Devoid of much cash, luggage, or dogmatic notions, Benjamin Orbach, 27, left JFK airport on July 16th, 2002, bound for Amman, Jordan. An American Jew and Arabic Studies graduate of Johns Hopkins University School for Advanced International Studies, Orbach was determined to submerge himself in Arab culture, his goal being to attain fluency in Modern Standard Arabic. In the process, Orbach ended up offering his everyday Arabic neighbors and friends an alternative view of an average American, while experiencing at the same time, a culture that in recent history, has become known for its hostility toward Jews, and in particular, toward Israel--home to some of Orbach's close relatives.
During the next 13 months, Orbach wrote long emails home from Amman, Jordan, Antkya, Turkey, Aleppo, Syria, and Cairo, Egypt, updating family and friends on his whereabouts, adventures, and developing insights into Middle Eastern geography, culture, politics, and peoples. These emails, compiled and edited, form the book, Live from Jordan (and other parts of the Arab World): Letters Home from My Journey Through the Middle East.
Orbach's book details his evolution from a relatively naïve American, barely able to hail a bus or order a meal in the formal, archaic Arabic he learned in school, to a self-assured, knowledgeable expatriate, confidently negotiating transportation, markets, restaurants, haircuts, and the minefields of political and religious discussions in fluent Arabic. Dwelling on a shoestring budget in both Amman and Cairo, Orbach squired his visiting American mother around Amman, and traveled extensively on his own throughout Turkey, Syria, Palestine, and Egypt. That he did this in the period immediately leading up to and during George W. Bush's invasion of Iraq in March, 2003, only makes his adventures that much more daring and his book that much more interesting.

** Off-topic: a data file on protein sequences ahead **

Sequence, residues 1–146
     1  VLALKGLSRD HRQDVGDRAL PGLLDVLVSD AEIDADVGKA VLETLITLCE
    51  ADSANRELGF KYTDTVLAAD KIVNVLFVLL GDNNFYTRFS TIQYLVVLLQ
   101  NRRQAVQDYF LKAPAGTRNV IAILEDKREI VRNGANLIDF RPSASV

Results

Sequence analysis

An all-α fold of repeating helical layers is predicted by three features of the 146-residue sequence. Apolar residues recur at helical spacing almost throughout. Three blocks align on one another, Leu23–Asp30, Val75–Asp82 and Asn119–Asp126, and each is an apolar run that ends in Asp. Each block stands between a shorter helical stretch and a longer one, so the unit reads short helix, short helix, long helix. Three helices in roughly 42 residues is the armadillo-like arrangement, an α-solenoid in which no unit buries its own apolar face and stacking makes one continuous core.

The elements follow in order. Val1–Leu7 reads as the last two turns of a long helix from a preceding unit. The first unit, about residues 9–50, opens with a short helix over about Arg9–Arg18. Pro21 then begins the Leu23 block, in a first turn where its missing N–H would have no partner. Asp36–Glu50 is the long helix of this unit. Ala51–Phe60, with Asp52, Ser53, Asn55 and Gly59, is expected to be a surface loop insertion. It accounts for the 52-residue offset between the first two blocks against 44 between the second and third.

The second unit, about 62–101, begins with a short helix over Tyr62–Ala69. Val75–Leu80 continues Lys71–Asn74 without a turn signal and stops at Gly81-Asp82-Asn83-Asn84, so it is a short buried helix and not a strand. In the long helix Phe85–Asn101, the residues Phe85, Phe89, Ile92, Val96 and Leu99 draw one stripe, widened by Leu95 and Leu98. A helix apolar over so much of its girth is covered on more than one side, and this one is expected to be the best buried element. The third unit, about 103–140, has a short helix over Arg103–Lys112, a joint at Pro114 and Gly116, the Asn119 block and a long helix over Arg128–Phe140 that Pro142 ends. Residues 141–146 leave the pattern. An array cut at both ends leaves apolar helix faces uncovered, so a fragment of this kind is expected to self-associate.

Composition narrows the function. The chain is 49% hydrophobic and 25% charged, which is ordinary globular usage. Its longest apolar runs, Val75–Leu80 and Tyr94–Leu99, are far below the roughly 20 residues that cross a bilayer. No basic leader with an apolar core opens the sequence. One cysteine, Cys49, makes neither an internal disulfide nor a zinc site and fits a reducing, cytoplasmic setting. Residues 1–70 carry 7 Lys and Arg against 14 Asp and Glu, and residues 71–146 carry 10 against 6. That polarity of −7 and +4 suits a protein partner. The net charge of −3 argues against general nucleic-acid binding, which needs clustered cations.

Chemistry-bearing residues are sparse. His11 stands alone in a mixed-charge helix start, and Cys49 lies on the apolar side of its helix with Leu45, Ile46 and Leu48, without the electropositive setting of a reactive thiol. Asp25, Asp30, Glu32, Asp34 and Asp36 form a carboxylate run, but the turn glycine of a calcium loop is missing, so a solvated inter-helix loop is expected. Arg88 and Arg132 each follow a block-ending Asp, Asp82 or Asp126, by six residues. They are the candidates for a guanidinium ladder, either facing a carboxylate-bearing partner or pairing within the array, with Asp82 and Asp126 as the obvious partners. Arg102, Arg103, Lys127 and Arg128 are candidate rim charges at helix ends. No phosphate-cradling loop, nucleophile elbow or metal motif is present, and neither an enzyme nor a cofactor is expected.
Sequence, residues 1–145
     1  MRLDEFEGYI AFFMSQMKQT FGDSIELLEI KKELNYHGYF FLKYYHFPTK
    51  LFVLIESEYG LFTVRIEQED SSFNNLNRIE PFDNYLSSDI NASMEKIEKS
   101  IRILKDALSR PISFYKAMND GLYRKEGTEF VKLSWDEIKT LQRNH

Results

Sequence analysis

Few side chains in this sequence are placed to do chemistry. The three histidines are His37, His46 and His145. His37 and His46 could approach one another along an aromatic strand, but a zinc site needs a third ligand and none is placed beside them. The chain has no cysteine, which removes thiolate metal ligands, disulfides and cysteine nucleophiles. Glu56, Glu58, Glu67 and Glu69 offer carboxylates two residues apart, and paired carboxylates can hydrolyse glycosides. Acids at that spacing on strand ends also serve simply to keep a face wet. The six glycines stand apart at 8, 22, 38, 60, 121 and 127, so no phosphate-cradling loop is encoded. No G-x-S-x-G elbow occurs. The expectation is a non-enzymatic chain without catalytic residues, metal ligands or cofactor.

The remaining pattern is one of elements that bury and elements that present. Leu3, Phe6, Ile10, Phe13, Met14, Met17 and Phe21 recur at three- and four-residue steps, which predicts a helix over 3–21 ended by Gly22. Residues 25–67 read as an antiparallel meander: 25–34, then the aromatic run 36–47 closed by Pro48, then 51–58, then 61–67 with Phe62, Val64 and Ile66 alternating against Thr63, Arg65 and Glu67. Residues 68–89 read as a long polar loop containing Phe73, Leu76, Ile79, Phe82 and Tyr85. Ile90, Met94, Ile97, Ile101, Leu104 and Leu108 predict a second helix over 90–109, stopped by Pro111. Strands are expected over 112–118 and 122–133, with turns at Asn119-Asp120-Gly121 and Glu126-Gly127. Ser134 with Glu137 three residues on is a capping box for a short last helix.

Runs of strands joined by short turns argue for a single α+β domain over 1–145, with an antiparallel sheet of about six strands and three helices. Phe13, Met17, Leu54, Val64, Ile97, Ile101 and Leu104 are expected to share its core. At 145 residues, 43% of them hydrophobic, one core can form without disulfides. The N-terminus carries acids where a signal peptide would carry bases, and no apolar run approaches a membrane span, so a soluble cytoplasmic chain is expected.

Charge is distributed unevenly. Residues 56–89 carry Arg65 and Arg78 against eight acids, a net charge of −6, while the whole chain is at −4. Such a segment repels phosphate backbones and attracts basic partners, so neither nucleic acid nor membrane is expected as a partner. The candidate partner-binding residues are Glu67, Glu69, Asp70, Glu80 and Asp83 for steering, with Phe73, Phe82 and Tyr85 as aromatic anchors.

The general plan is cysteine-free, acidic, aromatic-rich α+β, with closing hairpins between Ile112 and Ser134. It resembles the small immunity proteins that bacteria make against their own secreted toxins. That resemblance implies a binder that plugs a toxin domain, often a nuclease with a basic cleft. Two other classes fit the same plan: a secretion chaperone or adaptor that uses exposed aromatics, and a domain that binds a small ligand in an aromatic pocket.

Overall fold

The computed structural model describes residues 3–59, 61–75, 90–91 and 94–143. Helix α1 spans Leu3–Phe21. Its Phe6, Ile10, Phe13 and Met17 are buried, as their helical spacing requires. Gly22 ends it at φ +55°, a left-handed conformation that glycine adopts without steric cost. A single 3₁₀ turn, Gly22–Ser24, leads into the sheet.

The book is filled with fascinating anecdotes, from an accidental and harrowing encounter in a Turkish brothel, to encounters with Syrian secret police, to the sometimes humorous and mundane challenges posed by living in a part of the world where turning on tap may or may not bring hot water. In both Amman and Cairo, Orbach kept a running, mental map of all Western establishments, such as McDonalds or the Hyatt, where he could avail in an emergency of modern, dependable, and clean plumbing.
Because political tensions are so great between Israel and its Arabic neighbors, Orbach concealed his Jewish identity to most of the people he encountered during his sojourn. In a move telling of America's fallen reputation, he also sometimes lied and said he was Canadian. As well, and like others before him, before he left the States he had prepared himself with a new, clean US passport, devoid of Israeli stamps or visas. Evidence of sojourns in the Jewish state are enough to block free passage across certain borders and even result in a person's arrest or disappearance.
When Orbach eventually does enter Israel for the first time after living for several months in Jordan, the callous treatment by Israeli border guards of his fellow Palestinian travelers gives Orbach serious pause. At first, he himself is taken to be Arab. Then he reveals to an Israeli guard that he is traveling to spend time with friends outside Haifa.
"Your friend is Jewish?" she asked in a surprised tone.
"Yes," I answered.
"And you are Jewish?" she replied, a puzzled look on her face.